Former Dallas Mavericks center Roy Tarpley, whose star fizzled due to drug and alcohol problems, died Friday afternoon. He was 50.
The Tarrant County medical examiner did not list a cause of death for Tarpley, who passed away at a hospital in Arlington, Texas.
“The Dallas Mavericks organization is deeply saddened upon hearing the death of former Sixth Man of the Year Roy Tarpley,” the team said in a statement. “Our deepest condolences go out to his family. Mavs fans everywhere will remember him fondly.”
Mavs owner Mark Cuban tweeted out his condolences Friday.
The 6-foot-11 Tarpley, the seventh overall pick in the 1986 NBA draft out of Michigan, earned the league’s Sixth Man of the Year award in his second season. That was the final full season of Tarpley’s career due to suspensions.
He played for the Mavericks until October 1991, when he was kicked out of the NBA for using cocaine.
Norm Sonju was the Mavericks’ chief executive when he drafted Tarpley. He remembers Tarpley as “likable. He was witty. He was funny.”
“It’s sad. What breaks your heart is he was just 50 years old,” Sonju told The Associated Press. “He potentially could have been just an incredible player.”
Sonju remembered that cocaine was a pervasive threat in all big-time athletics in the 1980s, so the Mavericks did all they could in researching Tarpley’s background at Michigan.
“We had people tell us to our face that he had no problems when he was at Michigan,” he said.
Temptation by cocaine and alcohol, however, was already near, he said.
He played in Greece until the NBA reinstated him in 1994. He signed a six-year, $20 million contract with the Mavericks but was permanently banned from the NBA in December 1995 for using alcohol and violating the terms of a court-imposed personal aftercare program.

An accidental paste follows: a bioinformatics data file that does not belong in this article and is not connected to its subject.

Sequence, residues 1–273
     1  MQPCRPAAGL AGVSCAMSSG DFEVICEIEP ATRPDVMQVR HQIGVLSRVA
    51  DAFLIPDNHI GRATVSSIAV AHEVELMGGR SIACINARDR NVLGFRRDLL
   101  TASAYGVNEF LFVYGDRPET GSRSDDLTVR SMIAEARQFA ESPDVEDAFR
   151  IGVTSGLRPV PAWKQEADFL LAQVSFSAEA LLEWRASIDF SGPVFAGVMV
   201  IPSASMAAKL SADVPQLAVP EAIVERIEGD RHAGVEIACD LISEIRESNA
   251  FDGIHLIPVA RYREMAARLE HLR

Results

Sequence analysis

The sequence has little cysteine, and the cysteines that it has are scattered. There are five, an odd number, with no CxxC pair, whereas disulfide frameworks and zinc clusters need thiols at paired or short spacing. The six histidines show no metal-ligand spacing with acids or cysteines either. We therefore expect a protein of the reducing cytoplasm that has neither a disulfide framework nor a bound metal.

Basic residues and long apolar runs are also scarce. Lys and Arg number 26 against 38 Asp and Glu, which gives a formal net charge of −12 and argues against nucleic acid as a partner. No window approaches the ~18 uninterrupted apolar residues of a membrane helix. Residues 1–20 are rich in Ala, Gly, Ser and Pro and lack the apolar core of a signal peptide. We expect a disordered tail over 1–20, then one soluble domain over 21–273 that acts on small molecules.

Tarpley, who possessed a tremendous blend of athleticism and power, averaged 12.6 points and 10.0 rebounds in 280 career games. He was phenomenal during the 1987-88 Mavs’ run to the Western Conference finals, where they lost in seven games to the Los Angeles Lakers, averaging 17.9 points and 12.9 rebounds.
However, Tarpley’s off-court issues were a driving force in the darkest era of the franchise’s history, a span that included 10 consecutive losing seasons and 12 years without a playoff victory. Tarpley was suspended three times over the next three years.
His third suspension lasted until the 1994-95 season, when Tarpley played 55 games before receiving the lifetime ban.
After his NBA career ended, he returned to Greece and also played in Cyprus, Russia and China. He also spent time with Wichita Falls, Sioux Falls and Michigan in the Continental Basketball Association and Miami and Dodge City in the U.S. Basketball League, playing into his 40s.
Tarpley filed a lawsuit against the NBA and the Mavericks in 2007, in which he claimed the league and the team violated the Americans with Disabilities Act by refusing to reinstate him.
The parties reached an undisclosed settlement in 2009.